Monday, June 3, 2013

Should I use the Senior Facility’s Pharmacy or keep my own?

By Bob Gregory

This question arises often as the elderly transition to Senior Facilities.  As we grow older, we tend to see our doctors and pharmacists more frequently than someone younger than 60 years old and thus, we build a very personal relationship with our medical “team”.  Transitioning away from your home is stressful enough, but the thought of changing the medical team you trust can cause great distress.  I have personally had my pharmacist contact my doctor to alert him that two drugs he prescribed for me did not mix!  That’s the kind of people you want on your team and you don’t want to trade players!  You do have a choice, but most Senior Facilities encourage you to use their pharmacy—strongly encourage you to use their pharmacy.  I recently asked an owner of an Assisted Living Facility in Florida why they “strongly” encourage residents to use their pharmacy and I was a little surprised at his answer.  I will repeat his answer here as given to me for your consideration.

Reasons to use the facility pharmacy…

  • Using a facility’s house pharmacy may cost you a few pennies more than running to your local drug store, Publix, Wal-Mart or Costco for prescription drugs or bulk over-the-counter drugs.  However, convenience is a huge factor in running around collecting all the prescriptions from the physicians, filling the prescriptions and delivering them to the facility in a timely manner.  Assisted Living Communities can get in a lot of trouble if the medication is not available for distribution exactly as ordered by the physician.  Timeliness is extremely important.
  • Facility House Pharmacies deliver once or twice daily to the community, depending on the size of community or urgency of the medication.  The pharmacies are on call 24 hours a day and have a very quick turnaround, ensuring the patient gets the medication the same day.
    Medical Drugs for Pharmacy Health Shop of Medicine
    Medical Drugs for Pharmacy Health Shop of Medicine (Photo credit:
  • The medication is packaged to make it easier for the facility techs and nurses to accurately distribute, store and re-order the medications as needed, before they run out to ensure no interruption in dosages given.  This packaging also allows for ease in medication inventory so staff can accurately document and understand changes in a resident’s condition as a result of being given the medication.
  •  The inventory can also aid the facility staff in having the physician re-assess the medications and have PRN (as-needed) medications discontinued if they are not needed after a 30 day period.  This can save the resident and family considerable money on an annual basis. 
  • Most facilities use pharmacies that are geographically local to the communities and work with a myriad of insurance companies including Medicare D programs.
  • Having the volume at the community, the  House Pharmacies are usually good about re-evaluating the residents’ formulary to ensure the resident is paying the least amount possible by making sure most of the prescriptions are covered by their insurance companies and qualify for the lowest possible co-pays.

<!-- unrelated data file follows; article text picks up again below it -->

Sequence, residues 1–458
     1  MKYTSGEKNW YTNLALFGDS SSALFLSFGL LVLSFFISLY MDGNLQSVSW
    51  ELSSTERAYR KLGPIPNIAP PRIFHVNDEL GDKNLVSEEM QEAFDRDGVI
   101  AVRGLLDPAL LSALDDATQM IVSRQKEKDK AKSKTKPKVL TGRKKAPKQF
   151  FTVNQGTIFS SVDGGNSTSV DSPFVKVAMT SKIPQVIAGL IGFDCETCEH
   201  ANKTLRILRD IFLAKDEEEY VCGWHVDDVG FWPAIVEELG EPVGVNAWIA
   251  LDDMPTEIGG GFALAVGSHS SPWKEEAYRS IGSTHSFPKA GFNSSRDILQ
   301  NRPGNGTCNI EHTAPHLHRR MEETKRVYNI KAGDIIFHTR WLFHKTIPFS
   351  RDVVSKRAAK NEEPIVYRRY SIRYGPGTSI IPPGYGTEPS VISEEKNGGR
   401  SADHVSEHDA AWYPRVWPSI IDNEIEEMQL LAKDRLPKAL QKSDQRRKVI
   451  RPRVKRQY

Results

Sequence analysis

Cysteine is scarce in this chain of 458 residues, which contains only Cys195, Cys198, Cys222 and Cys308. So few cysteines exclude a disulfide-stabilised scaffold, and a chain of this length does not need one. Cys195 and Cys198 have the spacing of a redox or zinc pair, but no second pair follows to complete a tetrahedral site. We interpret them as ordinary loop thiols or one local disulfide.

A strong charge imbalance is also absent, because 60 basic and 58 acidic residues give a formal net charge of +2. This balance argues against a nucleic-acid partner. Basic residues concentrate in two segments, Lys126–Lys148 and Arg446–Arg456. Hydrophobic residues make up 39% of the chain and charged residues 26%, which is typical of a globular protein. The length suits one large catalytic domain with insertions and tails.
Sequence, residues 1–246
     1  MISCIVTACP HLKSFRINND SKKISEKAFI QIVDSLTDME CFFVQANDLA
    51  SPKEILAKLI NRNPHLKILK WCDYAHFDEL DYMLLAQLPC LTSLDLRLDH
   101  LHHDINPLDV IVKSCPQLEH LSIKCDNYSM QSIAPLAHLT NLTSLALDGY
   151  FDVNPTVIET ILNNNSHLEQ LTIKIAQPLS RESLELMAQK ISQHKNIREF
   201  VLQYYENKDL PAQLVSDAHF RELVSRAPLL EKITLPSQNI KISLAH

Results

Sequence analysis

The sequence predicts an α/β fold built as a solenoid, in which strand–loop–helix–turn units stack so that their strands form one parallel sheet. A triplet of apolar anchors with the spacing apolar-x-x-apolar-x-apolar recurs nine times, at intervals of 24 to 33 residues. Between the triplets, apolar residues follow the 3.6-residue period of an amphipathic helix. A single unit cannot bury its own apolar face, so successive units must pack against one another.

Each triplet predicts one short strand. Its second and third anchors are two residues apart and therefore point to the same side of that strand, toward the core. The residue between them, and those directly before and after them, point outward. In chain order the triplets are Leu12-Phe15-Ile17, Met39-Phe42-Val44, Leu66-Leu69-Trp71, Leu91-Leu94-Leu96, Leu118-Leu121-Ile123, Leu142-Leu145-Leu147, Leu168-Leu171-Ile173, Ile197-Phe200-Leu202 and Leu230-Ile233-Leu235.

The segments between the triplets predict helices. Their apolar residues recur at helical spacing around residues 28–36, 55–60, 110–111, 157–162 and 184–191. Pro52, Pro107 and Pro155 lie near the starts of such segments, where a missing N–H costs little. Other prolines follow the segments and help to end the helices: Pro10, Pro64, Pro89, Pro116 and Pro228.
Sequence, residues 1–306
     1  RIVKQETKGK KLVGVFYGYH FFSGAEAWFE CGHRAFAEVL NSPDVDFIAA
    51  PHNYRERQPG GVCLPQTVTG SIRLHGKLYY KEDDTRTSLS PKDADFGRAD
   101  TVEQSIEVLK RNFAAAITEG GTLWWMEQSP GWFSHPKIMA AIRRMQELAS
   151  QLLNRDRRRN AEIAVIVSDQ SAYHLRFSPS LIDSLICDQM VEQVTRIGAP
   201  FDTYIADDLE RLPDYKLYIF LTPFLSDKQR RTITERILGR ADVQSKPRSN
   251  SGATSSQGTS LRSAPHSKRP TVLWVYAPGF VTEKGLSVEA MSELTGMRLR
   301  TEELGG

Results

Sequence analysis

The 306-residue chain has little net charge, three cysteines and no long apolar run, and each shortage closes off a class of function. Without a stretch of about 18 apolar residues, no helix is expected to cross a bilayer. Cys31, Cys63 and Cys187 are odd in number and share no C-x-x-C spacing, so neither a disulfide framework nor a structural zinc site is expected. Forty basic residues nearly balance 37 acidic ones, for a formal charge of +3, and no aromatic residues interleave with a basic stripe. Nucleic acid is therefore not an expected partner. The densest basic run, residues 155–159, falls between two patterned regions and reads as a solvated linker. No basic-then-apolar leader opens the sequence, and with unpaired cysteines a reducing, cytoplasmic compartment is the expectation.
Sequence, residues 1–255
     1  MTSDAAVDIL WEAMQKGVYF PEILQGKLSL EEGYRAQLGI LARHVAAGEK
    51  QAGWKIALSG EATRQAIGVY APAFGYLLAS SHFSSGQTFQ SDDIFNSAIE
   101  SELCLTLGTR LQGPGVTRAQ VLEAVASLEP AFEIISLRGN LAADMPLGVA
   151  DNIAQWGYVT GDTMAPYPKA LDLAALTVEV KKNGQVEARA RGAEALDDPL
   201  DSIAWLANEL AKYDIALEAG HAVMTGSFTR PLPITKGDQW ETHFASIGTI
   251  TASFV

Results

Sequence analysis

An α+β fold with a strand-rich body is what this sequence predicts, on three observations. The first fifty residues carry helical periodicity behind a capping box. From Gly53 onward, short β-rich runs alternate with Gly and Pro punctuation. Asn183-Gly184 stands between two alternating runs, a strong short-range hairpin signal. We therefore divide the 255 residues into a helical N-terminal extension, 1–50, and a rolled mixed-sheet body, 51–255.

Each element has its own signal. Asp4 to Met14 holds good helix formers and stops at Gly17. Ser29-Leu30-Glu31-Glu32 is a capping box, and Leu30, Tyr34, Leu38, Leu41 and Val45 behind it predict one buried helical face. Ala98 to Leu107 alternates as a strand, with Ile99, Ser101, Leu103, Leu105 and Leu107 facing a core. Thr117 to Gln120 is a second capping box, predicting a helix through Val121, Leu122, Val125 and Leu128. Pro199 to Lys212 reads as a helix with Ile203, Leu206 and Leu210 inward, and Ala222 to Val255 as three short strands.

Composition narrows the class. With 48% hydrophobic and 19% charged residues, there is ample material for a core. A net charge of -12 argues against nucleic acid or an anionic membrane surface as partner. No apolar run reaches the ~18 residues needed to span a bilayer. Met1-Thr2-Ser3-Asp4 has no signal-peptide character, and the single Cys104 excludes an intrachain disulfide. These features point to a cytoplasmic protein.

I also asked the tough question as to whether the pharmacy gave “perks” to the owners for the increased business and I was assured the perks came in the form of better service for their residents and overall lower cost for the residents.  I was pleased to hear that answer as we have all heard of companies “buying” business or serving the good of the owner and not the customer!  As I read back through the notes, I noticed the common theme in his answer was convenience and cost savings.  The convenience was shared by both the resident and the facility while the cost savings were those of the residents.  He also encouraged me to advise readers to ask for a comparison of cost of the drugs you are currently purchasing and compare to the cost using the House Pharmacy.  Be sure to factor in your time to get the drugs, gas or taxi fees and just the hassle of keeping up with reordering. 

As far as your medical team, it is going to grow larger as you will have lots of individuals providing care for you or your elderly parent at the Senior Facility.  Hopefully those relationships will grow and flourish as you enjoy your new home!  I hope this information helps your decision or at least provides another point of view on using the “house pharmacy” at a Senior Facility. 

If you would like a list Independent Living Facilities, Assisted Living Facilities, Nursing Homes or any other type of Senior Facility, I hope you will consider
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Bob Gregory is an advocate for Seniors and is one of the founders of At, we are dedicated to helping families get the Elder Care help they need without having to provide their personal information! If find you need an assisted living facility or other type of senior facility, please consider
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1 comment:

  1. Thanks for the information. It's really nice to live in 55 retirement communities that has great and complete facilities. Seniors need to indulge in fun and lively activities too.